In a dark, loud pub on East Main Street cheers erupt as the polls close. The Bull City Alliance is victorious, with incumbent city council candidate Javiera Caballero appearing to beat challenger Joshua Gunn by less than 500 votes
After a close vote with precinct 3 and 31 casting the deciding votes, Caballero emerges from the corner of a booth she was sheltered in, and the crowd erupts.
“I feel good but we have a little work to do. One step forward in accomplishing the work we need to do,” Caballero says.
Amongst the cheers, Caballero stands up on the table, the Durham city flag centered behind her.
After being appointed to Steve Schewel’s vacant city council seat in 2017, Caballero explains that she chose to do something different with her city council appointment. She specifically chose to work with co-council members Charlie Reece and Jillian Johnson, also winners Tuesday.
The three of them even campaigned on a shared Bull City Together platform. Through their 98 proposed policies, Caballero tells the crowd that they are choosing to do something “different, harder, and more courageous.”
Caballero ends her victory speech with a deep breath and a long list of thank yous. Her family, her campaign manager, the Bull City Together team.
Despite a tumultuous campaign, including an accusation against her citizenship with no evidence offered, Caballero says she is particularly grateful for those who stood by her campaign. “It was bullshit but also emotionally tragic,” she says.
“Pick people who love you, respect you, and hold you in dignity,” she says.
A cheer of “te quiero” breaks through the crowd in response: “I love you.”
And as she steps off the table into the crowd of supporters, the rhythm of “si se puede,” chants and claps permeates the pub.
Sitting at a large oval table in his City Hall Office, Durham Mayor Steve Schewel pauses and gazes out the window at the city he first moved to in 1969. The clock on his office wall ticks as he takes time to carefully consider how to phrase his priorities for local government.
“I prioritize them by what the needs of our community as expressed by our community,” he said.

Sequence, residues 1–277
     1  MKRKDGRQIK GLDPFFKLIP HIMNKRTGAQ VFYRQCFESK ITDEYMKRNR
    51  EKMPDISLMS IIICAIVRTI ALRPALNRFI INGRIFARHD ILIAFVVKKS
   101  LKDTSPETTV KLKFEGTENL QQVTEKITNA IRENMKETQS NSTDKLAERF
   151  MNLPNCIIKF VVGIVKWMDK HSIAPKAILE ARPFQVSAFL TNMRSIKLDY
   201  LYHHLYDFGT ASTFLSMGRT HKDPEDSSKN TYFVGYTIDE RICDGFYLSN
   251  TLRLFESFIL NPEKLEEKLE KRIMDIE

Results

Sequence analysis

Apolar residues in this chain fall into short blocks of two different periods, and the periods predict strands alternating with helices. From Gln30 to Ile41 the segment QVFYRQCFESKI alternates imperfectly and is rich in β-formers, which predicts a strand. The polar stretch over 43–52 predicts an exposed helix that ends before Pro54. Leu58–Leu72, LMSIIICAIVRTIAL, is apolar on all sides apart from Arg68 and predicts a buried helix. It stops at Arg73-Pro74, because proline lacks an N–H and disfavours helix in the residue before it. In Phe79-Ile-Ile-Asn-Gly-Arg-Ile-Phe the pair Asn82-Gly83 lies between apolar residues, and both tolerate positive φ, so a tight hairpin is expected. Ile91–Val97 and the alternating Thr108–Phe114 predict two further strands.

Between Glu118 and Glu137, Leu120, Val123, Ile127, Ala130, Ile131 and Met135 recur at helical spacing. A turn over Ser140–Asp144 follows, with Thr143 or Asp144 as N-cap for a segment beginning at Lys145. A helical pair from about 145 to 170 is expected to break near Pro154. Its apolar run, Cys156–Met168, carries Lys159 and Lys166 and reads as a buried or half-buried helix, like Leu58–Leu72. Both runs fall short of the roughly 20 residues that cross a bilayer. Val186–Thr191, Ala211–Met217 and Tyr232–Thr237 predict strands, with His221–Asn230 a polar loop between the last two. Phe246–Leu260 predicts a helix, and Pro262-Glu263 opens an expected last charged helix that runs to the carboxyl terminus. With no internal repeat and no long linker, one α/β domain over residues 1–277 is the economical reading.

In his run for re-election against long-shot opponent Sylvester Williams, Schewel’s top three priorities are ensuring Durham remains affordable, diverse and safe for everyone who calls the city home.
“We want Durham to be a welcoming city for all people and we want everyone to know that whether they are a refugee, or they have lived here all their life they are welcome here and that we love them, and we want them,” he said.
Schewel is still working on completing the goals he promoted during his 2017 campaign, which moved him from a City Council seat to the mayor’s office. Two years ago his platform focused around eight central issues – transportation, jobs, LGBTQ rights, immigrant rights, police reform, housing, and trash, trees and trails.
After two years in office, here is a loose accounting of progress made or not made from some 2017 goals.
“Durham needs a mobility strategy for the next 50 years. I am proud to have led our region’s support for the 18-mile Durham-Orange light rail project, and this year we must push it over the finish line for federal funding. We must also provide an expanded, efficient bus network for our 22,000 daily riders—and it’s time to begin the work to make the system fare-free.”
Schewel said he is looking for alternatives to what would have been the core of his transit plan. He supports the Commuter Rail Transit project which would connect Durham to Raleigh on existing train tracks. Transportation development will now be integrated in the city and county’s comprehensive plan. In this plan, Schewel still hopes to advance his second goal of expanding the local bus service so that is accessible to all residents. Expansion would include creating more routes and infrastructure such as bus shelters. “We need a beautiful phoenix to rise from the ashes of the light rail,” he said.
“Durham needs strong council and community oversight of our police force to ensure that everyone lives free from fear. I support Chief C.J. Davis’ reform of our police department and her emphasis on de-escalation and racial equity training. I will continue to work towards a police force that effectively fights violent crime while actively seeking to build the trust of our entire community and enforcing the laws free from racial discrimination.”
Despite Schewel’s support of Davis during his 2017 campaign, the mayor could not convince all city council members to give her more police officers this year. Council members rejected Davis’ budget increase request to hire 18 additional police officers with a 4 to 3 vote in June, something Schewel has said was a mistake. That said, Schewel praises Davis for multiple changes at the police department, including enforcement of the council’s written-consent-to-search policy, decreasing traffic stops and car searches (a study before she took over detected bias against black drivers with such stops), and outreach to minority communities members, including LGBTQ groups, among other things.